Student Government Orders Audit of Campus Newspaper

The student government of Canada’s Queen’s University has ordered a review of all content published over the past year in The Queen’s Journal, the QU campus newspaper.  According to editors, the audit is “a direct threat to the editorial autonomy” of the paper.

In a motion approved by an overwhelming majority earlier this month, the university’s student-run Alma Mater Society (AMS) specifically “directs the Media Services Director to conduct an analysis of the content of the Queen’s Journal during the current academic year and to subsequently report on the percentage of content that directly addresses student activities and events.”

Translation: Student government members do not think the Journal is reporting enough on student life, and they want to prove it.  The motion offers no information on what actions AMS might consider once the results are compiled.

In reply, newspaper staffers declare the motion mean-spirited and misguided on multiple counts.  Most disturbingly, according to a Journal editorial, the review subverts AMS’s own bylaws, which state the paper should remain “free from the influence of student government and outside institutions with regards to its editorial integrity.”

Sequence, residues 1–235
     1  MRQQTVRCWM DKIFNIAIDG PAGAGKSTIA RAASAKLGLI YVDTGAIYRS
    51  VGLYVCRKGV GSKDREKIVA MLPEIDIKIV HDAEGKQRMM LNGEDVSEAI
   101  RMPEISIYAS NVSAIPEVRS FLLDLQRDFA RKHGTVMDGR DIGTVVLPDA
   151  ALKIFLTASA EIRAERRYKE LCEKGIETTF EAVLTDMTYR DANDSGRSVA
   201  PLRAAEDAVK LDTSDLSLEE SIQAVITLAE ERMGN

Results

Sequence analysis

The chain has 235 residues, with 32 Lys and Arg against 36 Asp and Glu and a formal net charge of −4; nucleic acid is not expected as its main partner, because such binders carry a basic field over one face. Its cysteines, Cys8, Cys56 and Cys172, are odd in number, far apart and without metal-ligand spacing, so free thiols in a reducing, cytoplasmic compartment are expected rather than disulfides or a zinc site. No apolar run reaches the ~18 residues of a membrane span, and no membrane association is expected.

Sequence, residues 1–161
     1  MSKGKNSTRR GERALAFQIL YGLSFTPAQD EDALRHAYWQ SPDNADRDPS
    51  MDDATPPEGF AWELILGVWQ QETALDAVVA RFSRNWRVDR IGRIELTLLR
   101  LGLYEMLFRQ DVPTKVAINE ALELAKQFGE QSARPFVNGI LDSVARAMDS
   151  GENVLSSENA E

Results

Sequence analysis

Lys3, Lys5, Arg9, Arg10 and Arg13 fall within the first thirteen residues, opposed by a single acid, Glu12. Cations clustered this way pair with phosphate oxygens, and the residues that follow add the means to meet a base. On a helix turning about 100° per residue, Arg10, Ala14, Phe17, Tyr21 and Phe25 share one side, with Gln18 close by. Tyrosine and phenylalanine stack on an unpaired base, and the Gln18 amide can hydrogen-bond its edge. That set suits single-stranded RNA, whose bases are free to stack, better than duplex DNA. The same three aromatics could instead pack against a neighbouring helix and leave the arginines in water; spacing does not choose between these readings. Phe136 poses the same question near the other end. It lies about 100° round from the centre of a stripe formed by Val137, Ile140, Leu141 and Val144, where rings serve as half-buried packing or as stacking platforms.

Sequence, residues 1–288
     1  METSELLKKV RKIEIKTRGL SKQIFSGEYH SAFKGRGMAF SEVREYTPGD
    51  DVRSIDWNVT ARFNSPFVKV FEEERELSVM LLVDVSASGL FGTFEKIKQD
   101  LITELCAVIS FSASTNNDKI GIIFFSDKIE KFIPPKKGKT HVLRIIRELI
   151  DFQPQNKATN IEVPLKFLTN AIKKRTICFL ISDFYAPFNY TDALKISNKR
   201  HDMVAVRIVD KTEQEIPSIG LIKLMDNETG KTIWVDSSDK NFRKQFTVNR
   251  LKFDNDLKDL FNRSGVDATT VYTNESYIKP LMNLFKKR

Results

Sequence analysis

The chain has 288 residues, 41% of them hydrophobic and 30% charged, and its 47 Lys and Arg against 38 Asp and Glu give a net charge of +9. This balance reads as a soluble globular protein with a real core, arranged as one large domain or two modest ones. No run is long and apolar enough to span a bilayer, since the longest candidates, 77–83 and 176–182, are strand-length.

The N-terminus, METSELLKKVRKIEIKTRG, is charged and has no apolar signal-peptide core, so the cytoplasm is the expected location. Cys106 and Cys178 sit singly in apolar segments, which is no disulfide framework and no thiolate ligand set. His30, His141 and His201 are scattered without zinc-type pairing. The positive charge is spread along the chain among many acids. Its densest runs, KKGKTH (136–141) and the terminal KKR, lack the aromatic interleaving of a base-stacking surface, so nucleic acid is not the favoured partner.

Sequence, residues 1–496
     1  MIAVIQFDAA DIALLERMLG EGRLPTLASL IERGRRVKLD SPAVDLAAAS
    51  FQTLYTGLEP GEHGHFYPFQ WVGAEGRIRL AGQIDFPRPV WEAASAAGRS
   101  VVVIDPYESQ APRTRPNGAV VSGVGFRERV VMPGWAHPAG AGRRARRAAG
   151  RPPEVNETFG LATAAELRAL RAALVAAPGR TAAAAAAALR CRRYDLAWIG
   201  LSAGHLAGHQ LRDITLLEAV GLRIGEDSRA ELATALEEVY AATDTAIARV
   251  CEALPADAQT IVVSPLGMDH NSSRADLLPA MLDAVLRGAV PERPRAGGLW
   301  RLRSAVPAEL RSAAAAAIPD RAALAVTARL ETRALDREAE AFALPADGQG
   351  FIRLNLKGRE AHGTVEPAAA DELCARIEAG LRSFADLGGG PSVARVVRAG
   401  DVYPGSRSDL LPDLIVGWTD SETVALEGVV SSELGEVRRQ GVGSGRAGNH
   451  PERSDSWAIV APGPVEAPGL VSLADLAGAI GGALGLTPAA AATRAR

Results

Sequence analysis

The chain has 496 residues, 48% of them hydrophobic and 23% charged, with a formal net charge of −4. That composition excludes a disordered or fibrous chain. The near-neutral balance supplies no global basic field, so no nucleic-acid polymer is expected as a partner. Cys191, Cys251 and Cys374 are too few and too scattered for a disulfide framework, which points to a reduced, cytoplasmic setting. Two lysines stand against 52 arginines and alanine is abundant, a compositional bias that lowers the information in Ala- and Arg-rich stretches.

In addition, Journal staffers argue, the findings will not offer any meaningful new insights.  Editors are well aware the paper does not cover even close to everything going down at QU.  It’s not laziness.  It’s news judgment, and the reality of working with a small staff balancing schoolwork and social lives along with sources and scoops.

As the editorial notes, “Ideally, the Journal would possess sufficient resources and staff to provide comprehensive coverage— reporting on every event of any relevance to the Queen’s community.  This is not the case.  For this reason, the editorial staff must decide what material appears in the Journal— and consequently, what material is not covered or published. This decision is directly based on the editors’ perception of how accessible the story is to the Queen’s community as a whole— in other words, its relevance.”

The words relevance and relevant appear a combined 11 times in the editorial.  The strong hint the newspaper seems to be sending to the AMS through their repeated appearances: A student newspaper’s value to its campus goes far beyond “directly address[ing] student activities and events.”

As the editorial explains, “The community of this university is composed of a diverse group of individuals with an equally diverse range of interests. In order to reach as much of the student body as possible, the Journal strives to cater to a variety of interests by offering news, athletic, creative and artistic content, in-depth coverage and human interest material. . . . [I]t’s crucial to recognize the distinction between relevance and comprehensiveness.  The Journal may never be entirely comprehensive, but it is always relevant.”

Comments are closed.